Polar bears and climate change vs coal and GDP?

Do people care about polar bears when the economy contracts? Is it easy to worry about climate change if you rely heavily on coal? There’s some circumstantial evidence that the answer to both is “No”.

Worries about climate change have declined worldwide since the 2009 Copenhagen summit failed to come up with a binding deal to fight global warming. But how can policymakers revive public interest, and who needs to be targeted?

In countries where the economy is heavily dependent on coal – emitting most greenhouse gases of the major fossil fuels — people seem to worry less about climate change than those living in nations that are relying more on sources such as gas, nuclear, hydro, solar, or wind power.

Of course the coal-dependent countries shouldn’t be unconcerned, because they have more work to transform their economies. Or is it like the American writer Upton Sinclair (quoted by former U.S. vice President Al Gore) used to joke: “It is difficult to get a man to understand something if his salary depends on his not understanding it.”

Here is a graph showing the rate of people (blue) in various nations who consider climate change a “very serious” problem, topped by Brazil with 85 percent in 2010 and with Poland at the other end on 37 percent — the rates of electricity generated from coal (red) generally rise in an inverse relationship with these worries. Brazil gets 2 percent of its electricity from coal, Poland about 95 percent.

(Source: coal statistics 2005: International Energy Agency report on Energy Efficiency Indicators for Public Electricity Production from Fossil Fuels; “Is Climate Change a serious problem?”, 2010 survey by the  PewResearchCenter

The United States is among the nations most sceptical about climate change, and gets about 50 percent of its electricity from coal — high for a developed nation.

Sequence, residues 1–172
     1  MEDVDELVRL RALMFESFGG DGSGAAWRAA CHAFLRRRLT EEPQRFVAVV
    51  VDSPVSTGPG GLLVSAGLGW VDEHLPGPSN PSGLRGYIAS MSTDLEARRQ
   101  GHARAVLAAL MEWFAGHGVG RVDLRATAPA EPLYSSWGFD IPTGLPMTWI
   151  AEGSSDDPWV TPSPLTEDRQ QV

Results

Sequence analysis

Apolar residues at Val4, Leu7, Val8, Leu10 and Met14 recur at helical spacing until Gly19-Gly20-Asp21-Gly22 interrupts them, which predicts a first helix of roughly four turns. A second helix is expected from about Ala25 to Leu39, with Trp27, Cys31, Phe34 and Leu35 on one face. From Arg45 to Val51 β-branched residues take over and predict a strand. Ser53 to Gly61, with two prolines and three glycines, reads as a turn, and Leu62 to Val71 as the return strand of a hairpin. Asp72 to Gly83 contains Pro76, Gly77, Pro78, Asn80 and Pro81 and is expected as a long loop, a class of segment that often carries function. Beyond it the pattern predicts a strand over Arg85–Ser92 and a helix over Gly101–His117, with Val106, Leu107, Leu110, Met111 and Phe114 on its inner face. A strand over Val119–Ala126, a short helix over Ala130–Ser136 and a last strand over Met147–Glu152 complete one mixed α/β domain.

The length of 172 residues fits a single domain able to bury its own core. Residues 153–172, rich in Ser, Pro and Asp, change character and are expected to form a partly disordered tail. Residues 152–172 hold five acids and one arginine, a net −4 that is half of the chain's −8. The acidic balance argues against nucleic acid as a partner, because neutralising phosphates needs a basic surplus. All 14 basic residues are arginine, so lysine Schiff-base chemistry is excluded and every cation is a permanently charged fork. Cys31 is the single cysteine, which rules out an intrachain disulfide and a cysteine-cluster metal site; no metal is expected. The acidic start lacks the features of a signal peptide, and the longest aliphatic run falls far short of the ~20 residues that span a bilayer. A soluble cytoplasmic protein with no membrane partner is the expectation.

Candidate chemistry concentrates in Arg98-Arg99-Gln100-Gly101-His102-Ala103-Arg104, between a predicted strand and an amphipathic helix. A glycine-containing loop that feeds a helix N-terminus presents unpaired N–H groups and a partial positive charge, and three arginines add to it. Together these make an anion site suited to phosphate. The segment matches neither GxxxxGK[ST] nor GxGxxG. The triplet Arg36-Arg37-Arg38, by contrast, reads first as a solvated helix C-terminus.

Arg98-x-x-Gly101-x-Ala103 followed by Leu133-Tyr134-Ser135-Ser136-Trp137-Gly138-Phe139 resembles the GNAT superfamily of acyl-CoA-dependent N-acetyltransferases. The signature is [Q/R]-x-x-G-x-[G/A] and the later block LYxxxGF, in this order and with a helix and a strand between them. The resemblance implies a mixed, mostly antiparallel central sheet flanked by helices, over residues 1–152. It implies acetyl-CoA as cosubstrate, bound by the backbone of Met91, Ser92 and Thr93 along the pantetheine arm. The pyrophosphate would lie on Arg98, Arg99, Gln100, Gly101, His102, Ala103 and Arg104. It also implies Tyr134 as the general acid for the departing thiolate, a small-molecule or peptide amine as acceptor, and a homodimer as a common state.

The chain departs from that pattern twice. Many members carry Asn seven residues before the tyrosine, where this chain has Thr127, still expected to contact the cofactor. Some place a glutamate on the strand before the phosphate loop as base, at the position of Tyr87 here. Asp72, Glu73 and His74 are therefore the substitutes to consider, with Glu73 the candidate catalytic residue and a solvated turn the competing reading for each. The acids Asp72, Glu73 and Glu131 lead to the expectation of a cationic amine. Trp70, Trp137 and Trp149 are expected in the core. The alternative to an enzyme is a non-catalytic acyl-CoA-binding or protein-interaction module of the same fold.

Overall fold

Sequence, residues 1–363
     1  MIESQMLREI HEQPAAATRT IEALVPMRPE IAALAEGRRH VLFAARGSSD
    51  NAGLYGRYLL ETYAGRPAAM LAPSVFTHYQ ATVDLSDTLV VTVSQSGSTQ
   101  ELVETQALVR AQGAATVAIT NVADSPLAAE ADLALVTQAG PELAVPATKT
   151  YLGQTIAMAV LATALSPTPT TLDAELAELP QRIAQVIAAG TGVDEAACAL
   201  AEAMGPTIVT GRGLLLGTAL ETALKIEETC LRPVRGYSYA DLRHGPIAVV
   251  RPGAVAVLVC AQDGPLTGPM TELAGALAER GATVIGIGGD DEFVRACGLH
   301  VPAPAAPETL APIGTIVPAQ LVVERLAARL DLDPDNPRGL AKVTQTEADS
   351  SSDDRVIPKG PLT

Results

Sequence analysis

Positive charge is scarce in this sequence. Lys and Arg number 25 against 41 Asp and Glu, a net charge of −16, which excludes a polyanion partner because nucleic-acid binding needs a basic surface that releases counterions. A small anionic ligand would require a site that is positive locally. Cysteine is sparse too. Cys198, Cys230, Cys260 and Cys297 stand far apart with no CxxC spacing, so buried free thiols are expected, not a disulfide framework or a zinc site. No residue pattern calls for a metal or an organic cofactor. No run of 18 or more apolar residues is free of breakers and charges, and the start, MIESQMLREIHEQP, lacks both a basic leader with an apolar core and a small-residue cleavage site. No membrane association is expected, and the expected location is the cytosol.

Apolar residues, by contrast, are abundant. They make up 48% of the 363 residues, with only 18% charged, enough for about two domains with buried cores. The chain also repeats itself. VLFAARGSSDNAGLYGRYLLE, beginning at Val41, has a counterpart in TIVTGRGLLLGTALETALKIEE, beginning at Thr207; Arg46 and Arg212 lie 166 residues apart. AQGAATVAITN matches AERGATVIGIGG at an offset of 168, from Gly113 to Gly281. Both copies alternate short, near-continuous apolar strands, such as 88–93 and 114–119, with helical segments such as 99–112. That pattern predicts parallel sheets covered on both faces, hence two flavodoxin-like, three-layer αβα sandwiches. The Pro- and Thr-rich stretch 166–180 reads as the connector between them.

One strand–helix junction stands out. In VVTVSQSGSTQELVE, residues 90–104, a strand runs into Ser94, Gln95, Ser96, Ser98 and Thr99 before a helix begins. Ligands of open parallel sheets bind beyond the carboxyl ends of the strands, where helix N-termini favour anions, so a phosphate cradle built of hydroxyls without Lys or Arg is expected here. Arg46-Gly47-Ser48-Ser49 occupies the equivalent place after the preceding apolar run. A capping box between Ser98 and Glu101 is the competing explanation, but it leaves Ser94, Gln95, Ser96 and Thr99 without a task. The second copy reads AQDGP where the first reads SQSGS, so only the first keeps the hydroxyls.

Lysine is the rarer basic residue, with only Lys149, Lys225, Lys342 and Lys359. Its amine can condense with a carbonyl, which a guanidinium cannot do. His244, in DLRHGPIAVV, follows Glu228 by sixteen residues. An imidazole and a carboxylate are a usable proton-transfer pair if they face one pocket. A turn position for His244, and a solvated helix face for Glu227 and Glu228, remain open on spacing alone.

So more education about coal may be a policy goal.

Dozens of environmental activists (some of them in the photo at the top) wore polar bear suits to urge action at U.N. climate talks in Bali, Indonesia, in 2007  — incongruously sweating on the equator as they paraded thousands of miles from the bears’ icy habitat. Since that meeting, environmental groups agree that the number of polar bear suits worn at U.N. negotiations has tumbled: why?

Are people bored of the bears and the theme of climate change in general, after the U.N. summit in Copenhagen in 2009 failed to come up with a treaty? Is it that Arctic summer sea ice reached its lowest extent on record in 2007 and so was most newsworthy that year?

Or is it harder to be concerned about an iconic species – one that very few people will ever see – when the economy is in recession and people have more immediate worries about jobs? Mobilising efforts to “save nature” as an abstract idea may be easier to sell when the economy is strong.

It’s hard to know the answer, but here’s a graph tracking the number of mentions of polar bears (red) in leading U.S.  newspapers year by year against changes in annual U.S. Gross Domestic Product (blue):

(Sources: U.S. official government statistics for GDP; Factiva searches of general news mentions of polar bears in the New York Times, Los Angeles Times, Washington Post, Boston Globe, San Francisco Chronicle)

It looks like the polar bear series roughly follows trends in the blue, GDP series, with a couple of years’ delay. The number of mentions of polar bears rises steadily from 2001 to a peak in 2007-08 and then declines sharply. The U.S. economy grew robustly until about 2006 when growth slowed, it entered a recession in 2008, which deepened in 2009 before a rebound in 2010.

So if there is a link – obviously it’s impossible to say just from a correlation –the message for policy makers is: if you want to push major environmental reforms, do it when the economy is picking up, or has good chances of staying strong for several years. (…of course, that may require a well-functioning crystal ball)




One thought on “Polar bears and climate change vs coal and GDP?

  1. I thought this was a great example of both the challenges and benefits of telling stories with data. I think your intuitions in connecting climate change concern to coal is a really interesting one… and that your polar bear mentions is a great data set that demands analysis. I’m not convinced of the connections you reference in either… and you’re very careful to make clear that you may or may not be either.

    On the coal data – we should sit down and try a scatter plot to try to correlate the two sets. I am unconvinced there’s a relationship between the two, but would love to show you a few more tools you might use to explore the space. Also, I think Eugene’s proposed tool for correlating a set with lots of different single variables is an idea the two of you might benefit from discussing together.

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